Cruz said that he is filing the bill partly in response to President Obama’s Tuesday State of the Union address, which he described as “detached from reality” on the foreign policy front.
“President Obama’s approach to foreign policy refuses to acknowledge the threats our enemies pose to our national security—it is detached from reality and making the world a more dangerous place,” said Cruz, who also is releasing a new video that takes aim at Obama for misleading the nation about these threats in his annual address.
Cruz said stripping American IS fighters of their citizenship is a step toward securing the country and restoring the country’s image.
“We’ve seen the grave consequence of the Obama-Clinton-Kerry foreign policy unravel with respect to Iran, Russia, and now Yemen,” Cruz said. “These consequences are not confined to faraway lands. They directly threaten America and our allies.”
“That is why this week, I am re-filing the Expatriate Terrorist Act, which prevents Americans who have fought abroad for designated terrorist groups from returning to the United States,” he said. “I look forward to working with senators on both sides of the aisle on this and additional measures to secure our nation and restore America’s leadership in the world.” Continue reading this article
At any rate, Sessions now runs two subcoms rather than one biggie. I have no idea whether that is an equitable trade-off in the Washington merry-go-round of power. Clearly the Alabama Senator intends to make it work. One gig is running the Armed Services Strategic Forces Subcommittee but the more important position for the friends of American sovereignty is as Chair of the newly renamed (by Sessions) “Immigration and the National Interest”subcommittee.
WASHINGTON—U.S. Senator Jeff Sessions (R-AL) issued the following statement today after being named Chairman of the Strategic Forces Subcommittee on Armed Services and the Chairman of the Immigration Subcommittee on Judiciary:
“I am honored to have the opportunity to chair these two crucial subcommittees.
My focus as Chairman of the Strategic Forces subcommittee will include: ensuring a modernized nuclear arsenal, strengthening our ballistic missile defense programs, advancing our space program, producing an American-built rocket engine to end U.S. dependence on Russia’s RD-180, and developing the technology and strategies necessary to deter any aggression, including cyber-attacks, against the United States or her interests.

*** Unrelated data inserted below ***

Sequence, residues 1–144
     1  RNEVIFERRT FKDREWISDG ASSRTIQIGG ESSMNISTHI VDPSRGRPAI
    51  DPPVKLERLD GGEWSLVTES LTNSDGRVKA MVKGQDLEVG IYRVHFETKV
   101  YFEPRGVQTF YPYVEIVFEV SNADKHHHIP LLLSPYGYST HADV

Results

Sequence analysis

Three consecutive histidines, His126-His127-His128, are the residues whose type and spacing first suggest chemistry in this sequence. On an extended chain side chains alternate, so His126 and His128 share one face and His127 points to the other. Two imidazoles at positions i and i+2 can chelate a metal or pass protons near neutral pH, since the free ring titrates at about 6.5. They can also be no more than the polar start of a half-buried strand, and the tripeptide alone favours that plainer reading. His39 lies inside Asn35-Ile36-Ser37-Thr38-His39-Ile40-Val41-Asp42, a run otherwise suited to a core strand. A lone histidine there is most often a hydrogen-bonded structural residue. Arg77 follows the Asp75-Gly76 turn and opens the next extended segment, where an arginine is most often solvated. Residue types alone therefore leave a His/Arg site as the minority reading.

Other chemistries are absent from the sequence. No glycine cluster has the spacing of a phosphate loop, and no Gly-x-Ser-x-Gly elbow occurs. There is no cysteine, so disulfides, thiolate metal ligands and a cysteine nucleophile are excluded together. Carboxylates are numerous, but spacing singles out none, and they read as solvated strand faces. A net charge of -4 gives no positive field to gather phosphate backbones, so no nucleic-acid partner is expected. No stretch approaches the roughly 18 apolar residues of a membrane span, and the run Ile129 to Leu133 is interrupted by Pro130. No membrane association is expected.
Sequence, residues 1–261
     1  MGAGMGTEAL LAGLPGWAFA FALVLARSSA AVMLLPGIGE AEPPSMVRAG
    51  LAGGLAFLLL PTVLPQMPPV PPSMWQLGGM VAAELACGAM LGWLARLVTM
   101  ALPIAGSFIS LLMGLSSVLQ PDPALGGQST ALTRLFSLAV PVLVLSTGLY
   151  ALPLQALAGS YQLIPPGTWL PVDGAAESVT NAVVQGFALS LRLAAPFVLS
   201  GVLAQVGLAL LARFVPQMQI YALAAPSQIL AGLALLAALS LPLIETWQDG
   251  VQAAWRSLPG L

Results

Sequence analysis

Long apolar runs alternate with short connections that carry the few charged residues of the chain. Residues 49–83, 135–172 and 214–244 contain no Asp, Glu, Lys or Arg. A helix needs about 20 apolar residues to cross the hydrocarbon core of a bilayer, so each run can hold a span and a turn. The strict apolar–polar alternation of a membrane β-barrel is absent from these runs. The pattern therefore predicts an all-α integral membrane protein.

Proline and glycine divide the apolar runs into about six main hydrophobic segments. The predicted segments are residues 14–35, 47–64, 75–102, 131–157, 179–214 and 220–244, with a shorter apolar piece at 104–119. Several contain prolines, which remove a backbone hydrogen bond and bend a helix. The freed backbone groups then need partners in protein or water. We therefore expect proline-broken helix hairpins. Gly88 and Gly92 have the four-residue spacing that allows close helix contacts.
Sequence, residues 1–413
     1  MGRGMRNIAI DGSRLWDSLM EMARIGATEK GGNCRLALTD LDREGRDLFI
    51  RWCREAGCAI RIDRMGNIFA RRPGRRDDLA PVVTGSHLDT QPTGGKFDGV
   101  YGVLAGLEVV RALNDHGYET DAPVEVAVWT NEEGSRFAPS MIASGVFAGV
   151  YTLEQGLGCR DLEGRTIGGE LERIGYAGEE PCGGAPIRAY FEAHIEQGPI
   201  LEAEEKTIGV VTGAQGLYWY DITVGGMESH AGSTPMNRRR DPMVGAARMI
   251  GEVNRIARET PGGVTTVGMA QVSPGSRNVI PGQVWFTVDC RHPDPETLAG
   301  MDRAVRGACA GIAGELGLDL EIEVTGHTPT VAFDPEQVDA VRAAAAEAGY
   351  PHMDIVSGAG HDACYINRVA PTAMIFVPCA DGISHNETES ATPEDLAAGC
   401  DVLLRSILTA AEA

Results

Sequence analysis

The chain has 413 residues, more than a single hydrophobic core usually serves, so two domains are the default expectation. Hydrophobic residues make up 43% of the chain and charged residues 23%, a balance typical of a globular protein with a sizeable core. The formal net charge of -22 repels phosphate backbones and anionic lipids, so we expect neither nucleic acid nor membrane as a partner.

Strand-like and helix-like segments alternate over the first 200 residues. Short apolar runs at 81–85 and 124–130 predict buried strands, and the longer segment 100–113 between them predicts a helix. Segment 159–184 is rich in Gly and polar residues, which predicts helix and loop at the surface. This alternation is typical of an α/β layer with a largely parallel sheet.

America faces a litany of global threats and emerging dangers; it is more important than ever to have the most sophisticated and cost-effective defense programs that deliver the capabilities promised.
My focus as Chairman of the Immigration subcommittee will be to advance the core interests of the nation and its people. On no issue have special interests had a tighter grip than on the issue of immigration.
That is why I am renaming the subcommittee ‘Immigration and the National Interest,’ as a declaration to the American people that this subcommittee belongs to them. Senator Vitter, a strong voice for the national interest, will be serving as Republican Deputy Chairman. The financial and political elite have been controlling this debate for years; this subcommittee will give voice to those whose voice has been shut out: the voice of the dedicated immigration officers who have been blocked from doing their jobs; the voice of the working families whose wages have been reduced by years of record immigration; the voice of the American IT workers who are being replaced with guest workers; the voice of the parents who are worried about their schools and hospitals; and the voice of all Americans who believe we must have a lawful system of immigration they can be proud of and that puts their interests first. Continue reading this article